The old adage, “you are what you eat” might have special relevance for veterans suffering from Gulf War Illness, a neurological disorder in veterans who served in the Persian Gulf War from 1990 to 1991.
The DoD is on the attack against a wily and deadly enemy that has killed hundreds of thousands of Americans, devastated populations in cities, and destroyed significant segments of the economy.
The VA’s new prescribing guidance for continuous glucose monitors significantly expands the number of veterans with diabetes who are eligible for the devices.
Public health officials across the country have warned that the combination of the COVID-19 pandemic and influenza could endanger a record number of Americans and overwhelm healthcare facilities this fall and winter.
Non-Hispanic Black and Hispanic veterans were twice as likely as non-Hispanic white veterans to test positive for COVID-19 at the VA, even after accounting for other demographics, geographic location and underlying health conditions.
SALT LAKE CITY, UT – Since the release of the National LymphoCare Study nearly 10 years ago, few studies have described real-world practice patterns and clinical outcomes in patients with follicular lymphoma, including the use of maintenance rituximab therapy in the...
SACRAMENTO, CA – What are the complement depleting effects of humanized monoclonal antibodies and the impact of complement replacement on treatment response in patients with hard-to-treat chronic lymphocytic leukemia? A small phase 2 trial published in the Journal of...
HORSHAM, PA -- Chronic lymphocytic leukemia/small lymphocytic lymphoma is the most common adult leukemia, accounting for about 37% of all leukemias in the United States. Yet, a new study suggested that limited real-word evidence is available on the outcomes of...
While the number of COVID-19 cases being actively treated at VA facilities declined, the total number of infections and deaths rose steadily in July and August.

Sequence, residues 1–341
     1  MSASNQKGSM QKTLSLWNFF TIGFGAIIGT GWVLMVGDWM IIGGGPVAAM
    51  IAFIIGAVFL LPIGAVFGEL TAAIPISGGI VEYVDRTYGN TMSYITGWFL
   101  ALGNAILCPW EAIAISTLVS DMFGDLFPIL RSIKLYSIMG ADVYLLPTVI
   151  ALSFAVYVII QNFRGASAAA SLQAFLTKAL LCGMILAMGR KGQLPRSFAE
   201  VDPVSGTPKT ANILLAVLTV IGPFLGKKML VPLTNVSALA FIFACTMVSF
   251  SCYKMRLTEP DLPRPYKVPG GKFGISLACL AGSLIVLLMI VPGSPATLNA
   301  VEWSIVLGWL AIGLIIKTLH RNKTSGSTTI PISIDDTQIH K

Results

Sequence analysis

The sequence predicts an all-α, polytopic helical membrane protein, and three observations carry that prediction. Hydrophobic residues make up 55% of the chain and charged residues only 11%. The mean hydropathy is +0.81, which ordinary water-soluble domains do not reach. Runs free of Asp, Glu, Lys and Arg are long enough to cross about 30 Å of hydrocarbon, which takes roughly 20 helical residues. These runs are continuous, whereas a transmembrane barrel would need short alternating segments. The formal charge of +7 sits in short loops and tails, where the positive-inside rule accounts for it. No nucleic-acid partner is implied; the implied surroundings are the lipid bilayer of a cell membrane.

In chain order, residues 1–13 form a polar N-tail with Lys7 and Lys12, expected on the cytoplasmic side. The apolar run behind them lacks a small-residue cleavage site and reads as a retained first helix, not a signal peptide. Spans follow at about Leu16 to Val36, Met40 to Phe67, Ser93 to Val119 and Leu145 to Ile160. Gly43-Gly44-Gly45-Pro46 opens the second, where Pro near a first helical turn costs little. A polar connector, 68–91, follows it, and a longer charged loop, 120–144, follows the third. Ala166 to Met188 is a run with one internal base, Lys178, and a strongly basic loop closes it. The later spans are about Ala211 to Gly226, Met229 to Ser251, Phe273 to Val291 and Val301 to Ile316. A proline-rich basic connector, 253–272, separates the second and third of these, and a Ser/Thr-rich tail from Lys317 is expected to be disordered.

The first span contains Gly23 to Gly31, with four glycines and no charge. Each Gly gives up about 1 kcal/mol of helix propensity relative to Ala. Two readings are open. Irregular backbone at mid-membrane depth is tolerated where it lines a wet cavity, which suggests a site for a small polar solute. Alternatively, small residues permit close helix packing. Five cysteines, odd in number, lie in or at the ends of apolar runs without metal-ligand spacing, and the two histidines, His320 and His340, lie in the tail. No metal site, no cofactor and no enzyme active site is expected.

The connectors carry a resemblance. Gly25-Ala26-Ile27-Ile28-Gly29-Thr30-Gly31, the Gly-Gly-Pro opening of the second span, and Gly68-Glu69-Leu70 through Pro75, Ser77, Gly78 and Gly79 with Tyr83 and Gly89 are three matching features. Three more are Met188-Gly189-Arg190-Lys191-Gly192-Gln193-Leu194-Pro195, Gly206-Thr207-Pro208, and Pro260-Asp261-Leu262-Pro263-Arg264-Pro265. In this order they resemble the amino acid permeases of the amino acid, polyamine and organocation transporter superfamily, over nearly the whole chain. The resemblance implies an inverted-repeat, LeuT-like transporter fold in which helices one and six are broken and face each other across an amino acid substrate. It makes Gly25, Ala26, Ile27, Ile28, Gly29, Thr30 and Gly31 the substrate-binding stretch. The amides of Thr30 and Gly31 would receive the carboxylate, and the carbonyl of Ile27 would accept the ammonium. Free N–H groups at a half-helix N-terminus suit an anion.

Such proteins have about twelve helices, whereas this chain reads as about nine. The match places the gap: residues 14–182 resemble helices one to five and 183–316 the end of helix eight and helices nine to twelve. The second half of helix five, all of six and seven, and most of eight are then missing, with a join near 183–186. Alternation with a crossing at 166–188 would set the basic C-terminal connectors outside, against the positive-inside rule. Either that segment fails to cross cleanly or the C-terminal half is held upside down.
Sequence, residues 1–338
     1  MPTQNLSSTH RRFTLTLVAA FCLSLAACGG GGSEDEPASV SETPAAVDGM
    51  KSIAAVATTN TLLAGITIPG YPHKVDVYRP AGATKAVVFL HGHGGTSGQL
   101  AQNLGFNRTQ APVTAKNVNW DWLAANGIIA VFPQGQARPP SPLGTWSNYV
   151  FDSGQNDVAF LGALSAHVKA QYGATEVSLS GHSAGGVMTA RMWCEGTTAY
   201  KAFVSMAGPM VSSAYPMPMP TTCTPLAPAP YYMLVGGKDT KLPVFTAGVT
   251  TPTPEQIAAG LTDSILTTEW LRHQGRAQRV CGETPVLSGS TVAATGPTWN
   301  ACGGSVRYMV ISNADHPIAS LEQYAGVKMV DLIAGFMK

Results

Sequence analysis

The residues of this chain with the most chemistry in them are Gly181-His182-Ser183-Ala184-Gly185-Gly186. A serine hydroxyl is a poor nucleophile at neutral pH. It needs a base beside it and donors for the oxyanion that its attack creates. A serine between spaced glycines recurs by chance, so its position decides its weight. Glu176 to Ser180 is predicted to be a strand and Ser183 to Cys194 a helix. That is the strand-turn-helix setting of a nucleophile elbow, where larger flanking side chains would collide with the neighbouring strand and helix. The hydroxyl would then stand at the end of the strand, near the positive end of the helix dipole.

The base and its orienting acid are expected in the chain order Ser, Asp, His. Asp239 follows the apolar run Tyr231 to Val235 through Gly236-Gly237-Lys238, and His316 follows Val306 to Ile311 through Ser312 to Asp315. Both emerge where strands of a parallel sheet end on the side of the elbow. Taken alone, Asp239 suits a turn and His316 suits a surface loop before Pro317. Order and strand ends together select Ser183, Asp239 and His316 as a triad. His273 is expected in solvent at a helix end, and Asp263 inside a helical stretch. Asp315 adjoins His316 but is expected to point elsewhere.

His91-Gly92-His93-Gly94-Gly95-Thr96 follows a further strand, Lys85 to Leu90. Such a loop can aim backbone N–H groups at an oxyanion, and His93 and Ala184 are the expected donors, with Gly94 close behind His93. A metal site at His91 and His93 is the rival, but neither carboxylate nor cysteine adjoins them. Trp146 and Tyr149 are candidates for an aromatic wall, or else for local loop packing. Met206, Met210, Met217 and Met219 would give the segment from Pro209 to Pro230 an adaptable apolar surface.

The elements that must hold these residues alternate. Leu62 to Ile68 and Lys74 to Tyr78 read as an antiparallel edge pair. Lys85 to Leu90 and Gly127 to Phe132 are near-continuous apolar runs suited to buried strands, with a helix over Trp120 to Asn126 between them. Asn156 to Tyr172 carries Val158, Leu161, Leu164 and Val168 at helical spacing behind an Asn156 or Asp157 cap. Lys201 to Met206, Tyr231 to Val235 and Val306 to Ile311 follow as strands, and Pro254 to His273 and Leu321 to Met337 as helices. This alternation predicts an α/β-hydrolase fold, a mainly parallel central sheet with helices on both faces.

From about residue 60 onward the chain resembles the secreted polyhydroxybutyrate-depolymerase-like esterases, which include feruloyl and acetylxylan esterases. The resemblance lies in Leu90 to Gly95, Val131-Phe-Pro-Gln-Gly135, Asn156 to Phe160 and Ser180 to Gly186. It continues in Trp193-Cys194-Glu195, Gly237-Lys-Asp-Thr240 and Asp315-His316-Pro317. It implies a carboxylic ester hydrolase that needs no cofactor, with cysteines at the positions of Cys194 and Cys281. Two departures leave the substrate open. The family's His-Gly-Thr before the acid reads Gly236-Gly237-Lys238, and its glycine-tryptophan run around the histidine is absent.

WASHINGTON — Even as VA facilities open up nationwide, administrators and others are keeping a wary eye on the possibility of a significant second wave of the COVID-19 pandemic in the fall. U.S. healthcare systems are preparing now for a sharp increase in cases in the...
Many mental health programs will not accept patients with active substance use issues. That effectively denies treatment to many veterans who have served in the past 20 years, among whom co-occurring substance use disorders and mental health disorders are particularly common.
Schizophrenia can be frightening and life-changing. Common symptoms such as disorganized thinking and speech, lack of expressive emotion, social withdrawal, neglect of self-care, hallucinations and delusions alienate individuals with schizophrenia from others and create barriers to day-to-day functioning in society.
The neutrophil-to-lymphocyte ratio (NLR) biomarker is associated with systemic inflammation and poor prognosis in solid tumors.
Military personnel often have more exposure to sunlight, compared to their civilian counterparts, and that can increase their risk of melanoma.
Past research has cautioned about the risk of skin cancer with use of immunosuppressive medications. Yet, a new study pointed out, there is limited information on repeated basal cell cancer (BCC) occurrences among inflammatory bowel disease (IBD) patients, especially those who use immunosuppressive medications.
While reports in the literature are increasing about high rates of coagulopathy and venous thromboembolism (VTE) among hospitalized patients with coronavirus disease 2019 (COVID-19), there is little guidance on how to treat it or prevent it.
Because VHA provides a continuum of care over the life course, the healthcare system has need to better understand what effect bipolar disorder and schizophrenia have on veterans’ risk of dementia.
Does early adolescent binge drinking (BD) increases the risk for and/or severity of psychopathology in post-9/11 veterans, and how does mild traumatic brain injury (mTBI) affect the risk?